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What is a Pest Control

Urban Pesticides are
Regulated by Health Canada

Territorial Healthy Lawns Strategy

Precautionary Principle and pesticides

The Benefits of Pesticides

What about banning
pesticides for "cosmetic"
or "non essential" uses

Integrated Pest
Management (IPM) - The Right Approach

Pesticides and Health

What are inert ingredients in pesticide formulations

  Urban Pesticides are Regulated by Health Canada

Only products that pose no unacceptable risks to health and the environment are registered by Health Canada's Pest Management Regulatory Agency.

All pest control products used in or imported to Canada are regulated nationally under Health Canada's Pest Control Products Act (PCPA) and Regulations. The PCPA covers pesticides used in public health, urban landscapes and household applications.

The Pest Management Regulatory Agency (PMRA) under Health Canada is responsible for administering this legislation, evaluating and accepting or rejecting pest control products.

New Legislation - More Safeguards

The Federal Pest Control Products Act (PCPA):

Many of the health and environment issues confronting Canadian municipalities are addressed in Health Canada's new Pest Control Products Act including: :
  • Providing for even greater protection for infants and children;
  • Taking into account the cumulative risk and aggregate exposure of pesticides. Cumulative risk refers to the combined risk of different PCPs that may present a common response. Aggregate exposure refers to the combined exposure from all sources including occupational, food, water and residential; and
  • Supporting pesticide risk reduction and encouraging the registration of lower-risk products.

The Act also requires that pesticides, registered before 1995, be re-evaluated against the new regulatory science.

The new Pest Control Products Act received Royal Assent on December 12, 2002.

"The proposed new PCPA will enhance public confidence, here and abroad, that Canadian agri-food, forestry and other products are safe. The changes introduced today take into consideration the views of all parties, while recognizing that the protection of human health and the environment continue to be the top priority in regulating pesticides in Canada."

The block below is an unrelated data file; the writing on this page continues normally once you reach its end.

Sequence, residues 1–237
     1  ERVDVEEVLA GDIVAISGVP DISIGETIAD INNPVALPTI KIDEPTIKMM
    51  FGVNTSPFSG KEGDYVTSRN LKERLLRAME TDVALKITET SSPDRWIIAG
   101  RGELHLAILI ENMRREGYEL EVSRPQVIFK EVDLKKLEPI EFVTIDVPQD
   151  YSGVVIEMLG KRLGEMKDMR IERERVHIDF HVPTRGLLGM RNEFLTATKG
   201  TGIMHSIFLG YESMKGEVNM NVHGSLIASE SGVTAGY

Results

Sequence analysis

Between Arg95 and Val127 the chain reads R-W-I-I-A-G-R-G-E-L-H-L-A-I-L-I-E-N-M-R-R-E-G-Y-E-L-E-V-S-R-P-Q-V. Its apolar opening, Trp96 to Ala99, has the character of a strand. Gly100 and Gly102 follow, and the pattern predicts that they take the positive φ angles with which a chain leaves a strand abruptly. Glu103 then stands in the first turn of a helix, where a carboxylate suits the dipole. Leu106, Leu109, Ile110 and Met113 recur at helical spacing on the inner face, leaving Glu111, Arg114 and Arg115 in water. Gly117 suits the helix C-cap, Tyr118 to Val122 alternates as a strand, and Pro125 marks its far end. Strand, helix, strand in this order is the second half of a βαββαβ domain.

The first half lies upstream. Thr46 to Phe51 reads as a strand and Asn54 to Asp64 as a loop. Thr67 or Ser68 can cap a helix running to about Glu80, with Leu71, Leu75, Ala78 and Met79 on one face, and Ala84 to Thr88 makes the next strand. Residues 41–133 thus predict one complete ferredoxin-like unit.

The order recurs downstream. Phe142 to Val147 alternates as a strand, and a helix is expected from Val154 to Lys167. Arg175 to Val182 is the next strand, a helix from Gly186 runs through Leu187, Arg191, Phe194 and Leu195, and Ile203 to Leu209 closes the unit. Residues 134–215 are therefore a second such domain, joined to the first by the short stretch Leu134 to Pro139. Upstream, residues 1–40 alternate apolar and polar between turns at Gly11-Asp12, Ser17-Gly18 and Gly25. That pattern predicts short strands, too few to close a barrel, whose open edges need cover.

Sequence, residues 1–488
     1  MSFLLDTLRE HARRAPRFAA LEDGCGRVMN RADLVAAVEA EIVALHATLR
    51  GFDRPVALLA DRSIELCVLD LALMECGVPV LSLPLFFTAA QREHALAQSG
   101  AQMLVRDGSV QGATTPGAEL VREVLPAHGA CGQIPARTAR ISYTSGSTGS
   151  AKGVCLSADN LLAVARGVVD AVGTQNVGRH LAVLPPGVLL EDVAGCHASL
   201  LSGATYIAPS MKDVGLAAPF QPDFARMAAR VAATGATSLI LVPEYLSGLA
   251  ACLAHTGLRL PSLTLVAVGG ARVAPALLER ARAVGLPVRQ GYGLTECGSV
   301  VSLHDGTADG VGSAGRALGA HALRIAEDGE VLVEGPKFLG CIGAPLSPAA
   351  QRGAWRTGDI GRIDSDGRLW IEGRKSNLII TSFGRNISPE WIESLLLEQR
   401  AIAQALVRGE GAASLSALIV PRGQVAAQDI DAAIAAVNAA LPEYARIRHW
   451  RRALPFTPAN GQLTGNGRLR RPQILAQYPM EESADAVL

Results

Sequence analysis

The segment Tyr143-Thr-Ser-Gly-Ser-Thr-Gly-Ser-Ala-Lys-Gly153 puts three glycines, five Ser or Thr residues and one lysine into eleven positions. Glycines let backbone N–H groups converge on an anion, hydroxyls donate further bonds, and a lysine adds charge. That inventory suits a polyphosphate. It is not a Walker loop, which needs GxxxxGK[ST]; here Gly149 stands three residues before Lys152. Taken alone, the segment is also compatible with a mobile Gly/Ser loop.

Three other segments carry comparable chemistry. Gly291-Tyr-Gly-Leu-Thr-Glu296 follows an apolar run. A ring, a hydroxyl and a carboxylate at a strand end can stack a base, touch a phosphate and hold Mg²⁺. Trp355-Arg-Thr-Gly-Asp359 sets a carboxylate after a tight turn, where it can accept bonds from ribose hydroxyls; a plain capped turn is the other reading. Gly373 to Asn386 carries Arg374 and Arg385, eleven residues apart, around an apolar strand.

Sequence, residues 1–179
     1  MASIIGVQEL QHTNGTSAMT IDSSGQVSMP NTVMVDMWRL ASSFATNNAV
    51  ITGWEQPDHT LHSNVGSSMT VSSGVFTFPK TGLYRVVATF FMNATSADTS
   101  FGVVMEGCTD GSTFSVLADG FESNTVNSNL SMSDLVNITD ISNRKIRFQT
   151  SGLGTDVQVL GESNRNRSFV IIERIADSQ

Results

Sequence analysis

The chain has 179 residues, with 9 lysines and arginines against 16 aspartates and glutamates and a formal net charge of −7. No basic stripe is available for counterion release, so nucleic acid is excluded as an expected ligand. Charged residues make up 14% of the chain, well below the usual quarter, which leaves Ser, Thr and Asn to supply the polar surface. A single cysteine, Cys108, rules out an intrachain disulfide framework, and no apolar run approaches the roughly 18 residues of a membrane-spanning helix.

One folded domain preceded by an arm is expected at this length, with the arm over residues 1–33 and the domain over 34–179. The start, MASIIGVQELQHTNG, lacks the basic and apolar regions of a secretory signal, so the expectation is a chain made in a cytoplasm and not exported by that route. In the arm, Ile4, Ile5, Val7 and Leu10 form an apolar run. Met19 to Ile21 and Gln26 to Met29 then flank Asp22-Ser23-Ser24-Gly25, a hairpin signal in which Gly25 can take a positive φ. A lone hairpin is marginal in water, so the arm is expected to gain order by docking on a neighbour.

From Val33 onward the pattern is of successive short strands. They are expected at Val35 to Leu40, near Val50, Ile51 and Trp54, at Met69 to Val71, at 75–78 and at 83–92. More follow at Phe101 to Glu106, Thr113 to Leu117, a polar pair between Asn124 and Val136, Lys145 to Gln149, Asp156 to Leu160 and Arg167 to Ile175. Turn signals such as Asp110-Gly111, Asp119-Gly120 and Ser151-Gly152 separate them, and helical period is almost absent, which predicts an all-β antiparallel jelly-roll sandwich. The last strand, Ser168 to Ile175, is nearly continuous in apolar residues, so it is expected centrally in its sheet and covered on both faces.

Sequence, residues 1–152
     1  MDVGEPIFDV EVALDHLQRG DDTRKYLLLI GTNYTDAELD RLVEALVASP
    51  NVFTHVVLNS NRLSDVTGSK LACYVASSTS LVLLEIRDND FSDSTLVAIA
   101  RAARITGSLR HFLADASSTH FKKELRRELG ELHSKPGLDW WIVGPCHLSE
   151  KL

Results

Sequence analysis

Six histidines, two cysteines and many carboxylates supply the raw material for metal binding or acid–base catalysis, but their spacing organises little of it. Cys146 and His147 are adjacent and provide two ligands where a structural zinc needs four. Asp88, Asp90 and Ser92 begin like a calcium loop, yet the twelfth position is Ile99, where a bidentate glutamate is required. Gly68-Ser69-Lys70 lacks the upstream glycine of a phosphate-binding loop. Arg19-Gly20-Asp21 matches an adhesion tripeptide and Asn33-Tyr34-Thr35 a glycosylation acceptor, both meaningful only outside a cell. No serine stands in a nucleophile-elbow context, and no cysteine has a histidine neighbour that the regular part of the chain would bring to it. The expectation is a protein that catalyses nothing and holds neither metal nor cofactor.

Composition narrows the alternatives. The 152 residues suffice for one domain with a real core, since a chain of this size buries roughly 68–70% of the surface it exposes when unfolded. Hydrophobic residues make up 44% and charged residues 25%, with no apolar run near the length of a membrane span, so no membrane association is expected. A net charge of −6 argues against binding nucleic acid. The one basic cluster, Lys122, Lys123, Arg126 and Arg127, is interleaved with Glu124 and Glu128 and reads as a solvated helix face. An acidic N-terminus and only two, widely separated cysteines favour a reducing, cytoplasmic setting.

The Honourable Anne McLellan, Minister of Health
- March 21, 2002

For more information on Health Canada's Pest Management Regulatory Agency and the new Act visit:

Pesticide registration in Canada is a thorough and rigorous process

Before being registered for use in Canada, all pesticides must undergo extensive testing following scientific protocols very similar to those that define the toxicology of a new medicine or food additive. It is the responsibility of manufacturers to conduct the required tests and studies according to the detailed international specifications required by Health Canada's Pest Management Regulatory Agency (PMRA). The PMRA carefully evaluates these studies based on rigorous scientific assessments.

Public health and the environment are foremost considerations when evaluating a new pesticide or examining a pesticide under re-evaluation or special review.

Health Canada's PMRA's assessment includes:
  • Any possible effects to humans including adults, teenagers, children, infants and embryos;
  • Any possible effects on wildlife species such as birds, fish, insects or earthworms; and
  • The rate and type of degradation in soil, water and air.
In addition to laboratory studies, field studies are scrutinized to determine how the pesticide behaves in the Canadian environment and the human exposure potential under Canadian use conditions. These studies include:
  • How fast it breaks down in the soil;
  • Whether or not it leaches through the soil to water sources;
  • Exposure of bystanders and spray applicators during mixing and use;
  • Research to identify whether the pesticide actually controls the intended target pest and how the product works; and
  • How the product is best used in terms of application rates water volumes, spray pressures, time of day, growth stage of the crop and growth stage of the target weed, insect or disease.
And it doesn't stop there

what follows is a

Continuous Process - Involving Regular Evaluation

After a pesticide is registered, additional studies continue to ensure environmental and human safety. Pesticide registrations must be renewed at least every five years and may be cancelled at any time if adverse effects become known. Regulations and policies governing pesticide registrations are continuously updated, based on new scientific information or research processes.

Quick Facts
The entire development process for any given active ingredient consists of up to 120 different tests and studies.

It can take up to 10 years to complete and can cost in excess of $100 million to develop and register a single active ingredient.

On average, only one in 100,000 active ingredients makes from discovery in a laboratory through to full registration.
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